You might say that I’m a dreamer. Well I’m not the only one.

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mouthSomething I quickly discovered about myself when I became part of my Mennonite fellowship is what a blathering loudmouth I am.

Friends have responded to this observation mostly with a heartfelt: “Duh.” So, yeah, as an adult I’ve had to periodically face the fact that my own opinions are not golden coins showering from heaven on grateful fellow humans (marriage also has a way of bringing this into clear detail).

But previously, I never considered facing this fact to be an act of discipleship.

Mennonites try to be really good at conversation. Careful listening is critical to spiritual growth and community life. Lots of time at church is spent listening to each other. We’re encouraged to keep our mouths shut if someone else has something to say. We’re encouraged to not do that thing that people do – that I’ve developed as a practiced skill – to listen at half-attention while preparing my next statement for whenever I can make an interruption.

This revelation may seem like simple manners, but growing up in the church this had never been presented to me as part of the Christian life. “Letting others speak” and “being respectful of other points of view” were far down the list of Christian virtues, far behind “making sure you have the right answer” and “making sure everyone knows it.”

earPROCLAIMING THE TRUTH was our highest call in communicating, and I remember many people cut off for the sake of God’s supposed need for Christians to be constantly proclaiming stuff and never listening. I was rewarded for that kind of behavior – until I became the one asking the wrong questions, and being shut out of conversation.

So I’ve been enjoying cruising the archives of Scot McKnight’s blog Jesus Creed. I’ve revisited last January’s posts about “Conversation” (part 1, part 2, part 3). He explains why emerging Christians value genuinely open and listening conversation in exploring faith, as opposed to the one-way didacticism many of us are familiar with.

But the “art” of conversation can’t be learned in such a context when everything is dominated by right vs. wrong or when it becomes whoever knows the most becomes the teacher. This isn’t conversation; this is lecture or information exchange.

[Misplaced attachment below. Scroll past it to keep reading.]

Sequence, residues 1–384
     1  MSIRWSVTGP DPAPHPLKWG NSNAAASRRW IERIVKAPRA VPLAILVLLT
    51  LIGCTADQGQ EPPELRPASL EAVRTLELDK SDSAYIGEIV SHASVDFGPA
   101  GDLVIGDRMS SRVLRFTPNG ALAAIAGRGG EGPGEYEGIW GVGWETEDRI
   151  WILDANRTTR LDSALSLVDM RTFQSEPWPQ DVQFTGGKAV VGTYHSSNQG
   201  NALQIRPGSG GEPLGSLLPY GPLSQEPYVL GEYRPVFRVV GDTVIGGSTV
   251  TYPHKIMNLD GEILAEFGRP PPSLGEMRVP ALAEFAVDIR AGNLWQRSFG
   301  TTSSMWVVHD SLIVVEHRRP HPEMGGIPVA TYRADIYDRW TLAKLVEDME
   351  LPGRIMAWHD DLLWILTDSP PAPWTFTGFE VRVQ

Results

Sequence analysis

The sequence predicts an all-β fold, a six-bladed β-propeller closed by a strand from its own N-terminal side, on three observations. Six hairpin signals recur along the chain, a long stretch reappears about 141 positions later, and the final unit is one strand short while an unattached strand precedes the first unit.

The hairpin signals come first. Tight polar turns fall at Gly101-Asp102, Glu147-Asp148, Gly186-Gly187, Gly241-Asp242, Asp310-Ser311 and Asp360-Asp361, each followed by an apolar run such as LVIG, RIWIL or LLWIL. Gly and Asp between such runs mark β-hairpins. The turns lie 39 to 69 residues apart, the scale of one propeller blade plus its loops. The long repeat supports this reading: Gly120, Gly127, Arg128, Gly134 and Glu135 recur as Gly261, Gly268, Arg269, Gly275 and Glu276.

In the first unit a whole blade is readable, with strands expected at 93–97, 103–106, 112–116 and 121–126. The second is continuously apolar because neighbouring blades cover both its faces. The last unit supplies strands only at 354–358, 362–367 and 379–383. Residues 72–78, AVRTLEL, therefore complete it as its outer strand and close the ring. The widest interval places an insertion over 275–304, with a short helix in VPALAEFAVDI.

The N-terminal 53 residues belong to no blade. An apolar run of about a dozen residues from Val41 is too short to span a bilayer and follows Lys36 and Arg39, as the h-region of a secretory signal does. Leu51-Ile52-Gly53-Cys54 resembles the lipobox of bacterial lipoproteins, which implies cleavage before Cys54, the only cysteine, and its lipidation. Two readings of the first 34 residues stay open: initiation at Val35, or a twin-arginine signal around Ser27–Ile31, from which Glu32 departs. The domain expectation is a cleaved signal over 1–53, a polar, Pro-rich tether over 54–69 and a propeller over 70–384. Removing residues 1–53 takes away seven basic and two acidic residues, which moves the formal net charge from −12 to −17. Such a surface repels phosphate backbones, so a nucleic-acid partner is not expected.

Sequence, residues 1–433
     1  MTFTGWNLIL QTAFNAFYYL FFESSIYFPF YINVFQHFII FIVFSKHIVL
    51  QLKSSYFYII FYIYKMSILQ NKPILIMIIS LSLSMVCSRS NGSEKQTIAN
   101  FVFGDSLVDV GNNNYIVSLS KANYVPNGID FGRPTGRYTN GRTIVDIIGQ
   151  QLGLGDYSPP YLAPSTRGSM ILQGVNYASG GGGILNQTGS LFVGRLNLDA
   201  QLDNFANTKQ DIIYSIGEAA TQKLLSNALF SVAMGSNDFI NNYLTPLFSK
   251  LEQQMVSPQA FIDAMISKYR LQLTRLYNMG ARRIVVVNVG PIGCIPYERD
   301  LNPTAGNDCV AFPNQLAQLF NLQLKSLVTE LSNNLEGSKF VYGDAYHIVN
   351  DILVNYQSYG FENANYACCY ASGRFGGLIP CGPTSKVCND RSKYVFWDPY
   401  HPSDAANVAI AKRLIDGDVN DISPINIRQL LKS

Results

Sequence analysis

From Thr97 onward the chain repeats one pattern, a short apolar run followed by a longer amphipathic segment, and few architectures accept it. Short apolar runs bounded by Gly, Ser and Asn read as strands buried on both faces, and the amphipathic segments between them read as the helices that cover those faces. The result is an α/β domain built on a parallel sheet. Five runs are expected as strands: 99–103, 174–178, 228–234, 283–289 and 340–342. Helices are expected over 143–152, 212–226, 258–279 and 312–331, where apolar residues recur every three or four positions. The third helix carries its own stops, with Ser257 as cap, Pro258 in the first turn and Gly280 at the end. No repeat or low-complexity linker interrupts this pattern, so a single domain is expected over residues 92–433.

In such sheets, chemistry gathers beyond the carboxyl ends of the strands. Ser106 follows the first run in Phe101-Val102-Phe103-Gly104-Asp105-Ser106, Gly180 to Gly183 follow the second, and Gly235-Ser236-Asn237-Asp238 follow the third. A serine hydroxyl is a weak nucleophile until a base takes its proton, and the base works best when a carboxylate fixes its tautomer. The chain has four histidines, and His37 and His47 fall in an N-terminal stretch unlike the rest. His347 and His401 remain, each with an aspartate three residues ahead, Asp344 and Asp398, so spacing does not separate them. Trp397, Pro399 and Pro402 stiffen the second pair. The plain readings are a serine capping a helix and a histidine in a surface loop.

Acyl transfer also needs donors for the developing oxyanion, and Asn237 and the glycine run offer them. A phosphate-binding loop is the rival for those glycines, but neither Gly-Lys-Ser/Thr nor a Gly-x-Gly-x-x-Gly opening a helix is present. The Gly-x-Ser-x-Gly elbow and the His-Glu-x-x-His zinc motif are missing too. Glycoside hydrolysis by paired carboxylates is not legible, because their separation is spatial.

I believe that the emerging movement wants “conversation,” and I believe evangelicals by and large are nervous about it because it has not learned to converse.

I see this as another intersection between the way of life in the Mennonite church and the kind of spiritual life many emerging Christians are looking for.

The Mennonites are not particularly fond of “committees.” But one committee structure involved in difficult community decisions is the “listening committee.” These committees are not engaged in controversy to debate opinions, but to pay careful attention to what people on all sides are saying. Then before the conversation moves toward resolution, everyone turns to the listening committee for their report: they simply report what they heard.

They tackle the most controversial issues in this way. There are listening committees for homosexual concerns, immigration issues, Catholic-Mennonite relationships, congregational diversity, or any kind of topical exploration dealing with multiple perspectives.

We live in hope.

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I was thrilled to discover this month that one of my favorite emerging bloggers, Tall Skinny Kiwi (whose identity I still don’t quite understand beyond “some really smart shane bookBaptist dude with a blog everyone reads”) gave a positive review of menno pastor Shane Hipps’s book, The Hidden power of Electronic Culture.

I discovered the book this fall and it rang all my bells. Shane Hipps has a background in marketing and advertising, and left it all behind to follow the call. But he took with him his expertise in applying Marshall McLuhan’s genius for media studies to the life of the church.

Since I teach communication and digital art at a Christian college, this book is a treasure of insights and challenges for my classes, my students, and my own professional development. All the better that Shane Hipps understand emerging church and the cultural forces shaping and being shaped by the movement from within a Mennonite context. And this guy went to junior high with Tony Jones? What’s that about?

I plan a more extensive series of blog posts about Shane’s book and his Web site, and how this might all connect with Mennonite theology. So I’m thrilled the book is getting more exposure. I think it’s important.

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old car jpeg

“Speakerguy” is that guy who came to speak at the Christian college where I am on faculty.Because Speakerguy and I are old friends, we spent a lot of time together catching up during his visit to campus.

In the local coffee shop, I asked him about the evangelical leaders he knows: celebrity authors, megachurch pastors, evangelists and non-profit CEOs. I wanted to know what he’d observed doing so much traveling to churches and colleges and religious organizations around the country.

I’m going to try to paraphrase what he told me. This isn’t an exact quote or transcript, I didn’t record our conversation or even think about writing it down. But now a couple weeks later, this is the best I can recall the gist of what he said: